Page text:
Encrusting foraminifera from Lee Stocking Island, Bahamas : taphonomy, shelf-to-slope distribution, and behavior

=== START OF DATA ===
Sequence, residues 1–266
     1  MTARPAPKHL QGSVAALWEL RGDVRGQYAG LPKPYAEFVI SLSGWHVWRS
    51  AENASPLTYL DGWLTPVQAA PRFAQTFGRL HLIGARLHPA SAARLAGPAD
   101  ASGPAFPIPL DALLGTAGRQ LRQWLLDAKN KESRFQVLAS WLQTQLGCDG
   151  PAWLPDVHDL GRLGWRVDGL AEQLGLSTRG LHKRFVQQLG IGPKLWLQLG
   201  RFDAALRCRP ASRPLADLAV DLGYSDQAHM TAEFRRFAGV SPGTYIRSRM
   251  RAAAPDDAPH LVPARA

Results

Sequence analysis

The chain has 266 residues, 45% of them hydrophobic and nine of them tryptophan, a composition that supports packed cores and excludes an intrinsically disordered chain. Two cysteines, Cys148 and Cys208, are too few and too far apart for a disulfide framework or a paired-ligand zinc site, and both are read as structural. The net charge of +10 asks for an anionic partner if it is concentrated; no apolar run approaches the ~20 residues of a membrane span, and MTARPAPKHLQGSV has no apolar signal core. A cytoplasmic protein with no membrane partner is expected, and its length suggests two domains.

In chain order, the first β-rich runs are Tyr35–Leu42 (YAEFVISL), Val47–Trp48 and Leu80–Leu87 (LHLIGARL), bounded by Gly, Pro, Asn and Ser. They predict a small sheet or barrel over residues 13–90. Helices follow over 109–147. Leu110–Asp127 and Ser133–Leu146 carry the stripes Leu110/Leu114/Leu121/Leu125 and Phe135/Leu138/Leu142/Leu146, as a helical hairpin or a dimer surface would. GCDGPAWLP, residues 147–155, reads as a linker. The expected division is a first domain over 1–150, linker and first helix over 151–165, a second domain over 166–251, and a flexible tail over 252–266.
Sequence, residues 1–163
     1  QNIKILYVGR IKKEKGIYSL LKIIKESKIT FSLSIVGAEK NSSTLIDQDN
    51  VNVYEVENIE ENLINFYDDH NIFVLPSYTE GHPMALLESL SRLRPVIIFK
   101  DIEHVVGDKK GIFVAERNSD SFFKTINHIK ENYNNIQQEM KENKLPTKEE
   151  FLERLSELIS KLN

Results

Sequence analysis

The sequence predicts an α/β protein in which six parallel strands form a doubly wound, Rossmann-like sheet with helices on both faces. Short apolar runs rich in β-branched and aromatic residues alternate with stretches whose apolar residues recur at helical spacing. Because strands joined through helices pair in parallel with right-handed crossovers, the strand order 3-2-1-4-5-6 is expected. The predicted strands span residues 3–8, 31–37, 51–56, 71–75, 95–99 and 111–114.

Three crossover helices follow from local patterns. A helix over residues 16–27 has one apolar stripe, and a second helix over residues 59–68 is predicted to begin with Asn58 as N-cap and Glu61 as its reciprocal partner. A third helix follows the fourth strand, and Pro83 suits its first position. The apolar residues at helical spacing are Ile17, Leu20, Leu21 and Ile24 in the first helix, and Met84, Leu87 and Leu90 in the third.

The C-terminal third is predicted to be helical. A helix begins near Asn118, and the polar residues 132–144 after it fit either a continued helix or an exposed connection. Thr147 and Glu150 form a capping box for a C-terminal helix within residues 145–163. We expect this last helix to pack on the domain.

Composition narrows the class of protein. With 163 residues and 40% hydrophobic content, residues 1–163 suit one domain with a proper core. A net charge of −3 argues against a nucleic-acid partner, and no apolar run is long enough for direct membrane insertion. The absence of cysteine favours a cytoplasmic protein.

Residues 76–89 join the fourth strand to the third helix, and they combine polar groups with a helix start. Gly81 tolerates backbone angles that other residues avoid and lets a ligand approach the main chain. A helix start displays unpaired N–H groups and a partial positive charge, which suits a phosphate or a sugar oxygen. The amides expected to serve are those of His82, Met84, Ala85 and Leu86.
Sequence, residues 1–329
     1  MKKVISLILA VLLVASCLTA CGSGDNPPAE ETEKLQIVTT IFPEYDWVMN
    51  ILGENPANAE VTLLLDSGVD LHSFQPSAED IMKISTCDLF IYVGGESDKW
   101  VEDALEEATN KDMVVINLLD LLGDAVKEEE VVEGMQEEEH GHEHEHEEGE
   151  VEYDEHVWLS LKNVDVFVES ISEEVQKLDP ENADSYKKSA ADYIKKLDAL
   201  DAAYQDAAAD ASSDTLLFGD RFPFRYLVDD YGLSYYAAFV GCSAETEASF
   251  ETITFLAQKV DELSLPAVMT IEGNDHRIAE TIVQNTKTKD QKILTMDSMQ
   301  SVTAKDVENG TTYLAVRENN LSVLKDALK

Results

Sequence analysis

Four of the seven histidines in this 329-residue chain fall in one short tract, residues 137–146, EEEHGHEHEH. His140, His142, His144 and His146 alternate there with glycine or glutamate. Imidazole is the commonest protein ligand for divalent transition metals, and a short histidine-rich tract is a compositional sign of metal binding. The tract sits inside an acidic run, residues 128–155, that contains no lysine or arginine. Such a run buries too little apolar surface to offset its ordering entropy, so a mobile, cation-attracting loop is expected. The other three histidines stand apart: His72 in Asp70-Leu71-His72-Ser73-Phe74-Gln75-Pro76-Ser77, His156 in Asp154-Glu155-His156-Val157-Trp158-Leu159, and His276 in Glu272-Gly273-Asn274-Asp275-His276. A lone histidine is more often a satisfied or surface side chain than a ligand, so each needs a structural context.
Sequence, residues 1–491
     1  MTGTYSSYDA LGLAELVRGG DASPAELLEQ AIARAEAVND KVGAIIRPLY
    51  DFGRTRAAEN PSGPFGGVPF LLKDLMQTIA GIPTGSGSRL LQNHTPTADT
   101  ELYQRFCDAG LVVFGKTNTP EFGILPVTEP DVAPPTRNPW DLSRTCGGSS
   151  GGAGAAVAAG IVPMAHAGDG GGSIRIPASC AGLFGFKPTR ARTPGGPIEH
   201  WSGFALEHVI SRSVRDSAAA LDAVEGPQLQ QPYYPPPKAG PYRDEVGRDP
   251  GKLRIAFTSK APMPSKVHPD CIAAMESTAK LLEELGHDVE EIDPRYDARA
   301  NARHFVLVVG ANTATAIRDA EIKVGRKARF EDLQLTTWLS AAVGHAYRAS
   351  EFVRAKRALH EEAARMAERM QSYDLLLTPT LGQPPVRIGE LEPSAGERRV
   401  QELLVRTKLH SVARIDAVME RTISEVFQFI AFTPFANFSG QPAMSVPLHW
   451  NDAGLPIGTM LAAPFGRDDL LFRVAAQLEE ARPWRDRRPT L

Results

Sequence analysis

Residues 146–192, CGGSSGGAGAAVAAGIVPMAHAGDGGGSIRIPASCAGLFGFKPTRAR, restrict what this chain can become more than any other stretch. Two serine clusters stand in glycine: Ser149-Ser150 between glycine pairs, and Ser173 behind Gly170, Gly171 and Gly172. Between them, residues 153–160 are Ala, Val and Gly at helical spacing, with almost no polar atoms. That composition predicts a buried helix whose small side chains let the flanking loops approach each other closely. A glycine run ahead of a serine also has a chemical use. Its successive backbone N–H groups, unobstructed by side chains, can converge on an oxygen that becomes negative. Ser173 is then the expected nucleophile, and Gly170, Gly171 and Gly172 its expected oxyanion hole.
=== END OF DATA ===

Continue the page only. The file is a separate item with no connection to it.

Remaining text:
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Foraminifera encrusting empty mollusc shells from experimental arrays were examined to determine whether their taphonomic condition varies across shelf-to-slope environments, whether species distributions differ across shelf-to-slope environments, and how they interact with each other and with other encrusting organisms. Foraminifera were examined from six sites, representing shallow shelf to deep slope environments, off Lee Stocking Island, Bahamas. The taphonomic condition of encrusting foraminifera was found to vary with environment. In particular, the most severe forms of taphonomic damage to foraminiferal tests were observed only on specimens from the shallow shelf. Physical taphonomic degradation (e.g., breakage) of foraminifera was found throughout the environments studied. Biological taphonomic degradation (e.g., borings) was observed only in foraminifera from the shallow shelf and shelf edge. Different species of encrusting foraminifera were found in different environments. Their distributions may have been influenced by factors such as light and temperature differences among the water masses in those environments. Encrusting foraminifera were successful in overgrowing multicellular organisms at the shelf sites. The number of interactions per foraminiferan was higher at the shallow shelf and shelf edge than at slope sites. These results suggest that encrusting foraminifera may be useful as environmental indicators, and are important members of the encrusting community.